Fascinatingly, the Hebrew word for “life” has no singular form. The word “chaim” means life, but literally, it means multiple lives. (The word “chai” means alive — an adjective.) So when we toast, “L’chaim!” we are not really saying “To life!”; we are saying “To many lives!”
Like everything holy, the Holy Tongue has no coincidences and there is endless depth to be found in this grammatical twist. Here is one:
A life lived only for oneself is no life at all. A real life is one that enlivens others. My life, your life, every life — they all need to involve lives.
A wise man once said, “What counts as currency on earth does not count as currency in Heaven; in Heaven they accept no cash or credit — they do, however, accept charitable receipts.” Ultimately, the Creator Who gave us our lives is less interested in how well we did for ourselves and more interested in how well we did for others.
This is surely one of the reasons for the peculiar name of this week’s Parshah: Chayei Sarah — the lives of Sarah. It is peculiar not only for its plural description of Sarah’s one life (as discussed) but also for the timing: The parshah features not the story of her life but rather the story of her passing, her funeral, her shiva. And that we call “the lives of Sarah”?
And yet, how true it is. Sarah touched thousands of people with her kindness, her hospitality and her education. She made people feel respected and valued; she gave people a place to call home when they were far from their own; and, above all, by teaching people about G-d and His purpose for the world, she gave people a life. She infused meaning into their life, and they came alive. Thus, she lived her life and, even after passing, she helped them live theirs. These are “the lives of Sarah.”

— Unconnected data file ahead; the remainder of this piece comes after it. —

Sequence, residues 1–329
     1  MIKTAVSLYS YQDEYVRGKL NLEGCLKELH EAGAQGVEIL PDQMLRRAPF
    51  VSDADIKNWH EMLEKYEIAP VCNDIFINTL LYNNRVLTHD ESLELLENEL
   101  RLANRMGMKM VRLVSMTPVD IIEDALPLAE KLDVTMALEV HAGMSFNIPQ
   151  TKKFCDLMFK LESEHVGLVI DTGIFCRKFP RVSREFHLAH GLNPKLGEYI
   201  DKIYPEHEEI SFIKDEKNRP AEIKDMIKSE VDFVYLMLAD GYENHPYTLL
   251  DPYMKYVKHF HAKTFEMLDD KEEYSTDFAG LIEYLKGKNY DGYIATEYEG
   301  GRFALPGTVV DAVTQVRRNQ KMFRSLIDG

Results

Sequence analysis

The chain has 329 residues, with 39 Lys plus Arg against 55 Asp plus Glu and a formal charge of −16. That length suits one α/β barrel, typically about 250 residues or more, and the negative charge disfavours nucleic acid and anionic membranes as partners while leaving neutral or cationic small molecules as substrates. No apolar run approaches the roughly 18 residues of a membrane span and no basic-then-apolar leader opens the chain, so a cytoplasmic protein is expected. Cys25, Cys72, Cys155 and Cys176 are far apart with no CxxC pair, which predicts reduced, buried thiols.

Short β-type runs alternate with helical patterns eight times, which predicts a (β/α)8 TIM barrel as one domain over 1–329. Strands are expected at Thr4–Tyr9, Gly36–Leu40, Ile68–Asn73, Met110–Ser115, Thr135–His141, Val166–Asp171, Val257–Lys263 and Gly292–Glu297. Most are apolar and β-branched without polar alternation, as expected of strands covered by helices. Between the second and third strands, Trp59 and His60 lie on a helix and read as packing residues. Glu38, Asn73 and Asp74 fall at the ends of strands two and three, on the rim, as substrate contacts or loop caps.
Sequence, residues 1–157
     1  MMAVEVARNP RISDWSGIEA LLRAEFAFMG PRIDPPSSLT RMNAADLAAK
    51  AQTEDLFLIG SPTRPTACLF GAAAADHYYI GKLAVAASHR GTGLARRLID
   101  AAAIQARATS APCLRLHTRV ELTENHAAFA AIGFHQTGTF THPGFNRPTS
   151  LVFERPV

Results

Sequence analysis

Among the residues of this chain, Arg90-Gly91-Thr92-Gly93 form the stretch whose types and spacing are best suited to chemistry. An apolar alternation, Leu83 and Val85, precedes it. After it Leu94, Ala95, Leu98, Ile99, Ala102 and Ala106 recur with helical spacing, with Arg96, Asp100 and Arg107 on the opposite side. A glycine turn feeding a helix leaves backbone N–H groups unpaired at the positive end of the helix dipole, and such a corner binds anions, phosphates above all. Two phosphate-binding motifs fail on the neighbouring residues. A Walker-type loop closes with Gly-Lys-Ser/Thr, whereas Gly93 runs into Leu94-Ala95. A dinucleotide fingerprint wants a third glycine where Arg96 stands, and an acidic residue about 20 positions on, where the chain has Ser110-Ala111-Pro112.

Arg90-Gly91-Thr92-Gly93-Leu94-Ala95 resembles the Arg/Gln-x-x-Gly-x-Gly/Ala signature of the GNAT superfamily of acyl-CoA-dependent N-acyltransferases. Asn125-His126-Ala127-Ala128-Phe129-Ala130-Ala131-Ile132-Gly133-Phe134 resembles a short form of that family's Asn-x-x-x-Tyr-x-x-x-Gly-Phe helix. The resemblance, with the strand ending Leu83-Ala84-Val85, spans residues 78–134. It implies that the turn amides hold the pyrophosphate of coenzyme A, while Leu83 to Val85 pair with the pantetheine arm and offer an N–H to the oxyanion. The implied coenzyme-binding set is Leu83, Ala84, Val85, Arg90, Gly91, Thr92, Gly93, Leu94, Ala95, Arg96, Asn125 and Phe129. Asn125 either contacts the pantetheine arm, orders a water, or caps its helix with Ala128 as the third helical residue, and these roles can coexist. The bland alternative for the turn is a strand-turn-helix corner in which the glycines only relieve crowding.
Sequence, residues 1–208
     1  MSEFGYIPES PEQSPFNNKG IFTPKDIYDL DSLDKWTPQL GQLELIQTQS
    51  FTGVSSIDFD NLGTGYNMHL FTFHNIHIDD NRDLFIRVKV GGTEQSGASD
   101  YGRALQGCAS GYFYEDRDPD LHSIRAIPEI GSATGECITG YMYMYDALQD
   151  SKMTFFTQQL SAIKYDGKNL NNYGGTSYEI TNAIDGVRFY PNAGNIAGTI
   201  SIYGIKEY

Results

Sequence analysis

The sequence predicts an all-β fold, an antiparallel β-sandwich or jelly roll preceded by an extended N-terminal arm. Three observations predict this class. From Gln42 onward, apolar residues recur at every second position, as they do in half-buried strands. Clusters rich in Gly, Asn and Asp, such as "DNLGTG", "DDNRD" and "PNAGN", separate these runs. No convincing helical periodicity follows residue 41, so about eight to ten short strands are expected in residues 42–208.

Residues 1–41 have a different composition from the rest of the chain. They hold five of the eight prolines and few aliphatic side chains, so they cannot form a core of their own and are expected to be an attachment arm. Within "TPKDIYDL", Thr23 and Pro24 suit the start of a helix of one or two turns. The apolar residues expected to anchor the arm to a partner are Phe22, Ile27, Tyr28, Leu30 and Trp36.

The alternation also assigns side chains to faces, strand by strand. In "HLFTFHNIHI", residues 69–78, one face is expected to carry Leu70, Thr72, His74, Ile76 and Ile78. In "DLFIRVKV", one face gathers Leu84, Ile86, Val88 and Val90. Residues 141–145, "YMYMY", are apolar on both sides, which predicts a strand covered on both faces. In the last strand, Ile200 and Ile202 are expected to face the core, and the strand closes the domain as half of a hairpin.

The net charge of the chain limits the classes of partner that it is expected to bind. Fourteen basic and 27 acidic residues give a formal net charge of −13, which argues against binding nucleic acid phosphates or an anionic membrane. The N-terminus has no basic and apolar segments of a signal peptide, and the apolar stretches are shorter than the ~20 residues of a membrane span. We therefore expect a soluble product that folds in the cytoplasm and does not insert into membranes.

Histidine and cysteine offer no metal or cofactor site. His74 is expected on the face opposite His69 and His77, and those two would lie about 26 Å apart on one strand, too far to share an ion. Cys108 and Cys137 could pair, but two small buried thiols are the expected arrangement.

She gave life to her son Yitzchok (Isaac). She bore him at the age of 90, a happy vehicle for a Divine miracle to bring this precious child into the world, and with him, a world of happiness. Even in her old age, she nursed him, raised him, molded him, defended him, fought for him and made him into the forefather of Israel he would become. She lived her life, and even after her passing, his life was a result of hers. These are “the lives of Sarah.”
And you, dear reader, if a Jewish heart beats in your chest, or if Torah values guide your days, is your life not a gift from the life of Sarah? If Torah’s wisdom inspires you, and the Shema strengthens you, and Shabbat preserves you, and Chanukah warms you, and Purim ignites you, and Pesach sets you free, and the High Holidays elevate you — is your life an extension of Sarah’s?
And not just you and me, but the millions of Jewish lives lived with inner joy and meaning since the dawn of our people: These are all “the lives of Sarah.”
May G-d bless us and help us emulate our matriarch Sarah even if only to a degree. May we open our eyes to the truth that a life is only a life when it breathes life in another. Wisdom is only wise when it is taught; money is only valuable when it is shared; life is only eternal when it is plural.
So this Friday night, raise a glass at your Shabbat table, share this truth with your family and friends, and join me in a jolly toast: “L’Chaim! To many lives!”
Shabbat Shalom. PJC
Rabbi Moishe Mayir Vogel is executive director of The Aleph Institute — North East Region. This column is a service of the Vaad Harabanim of Greater Pittsburgh.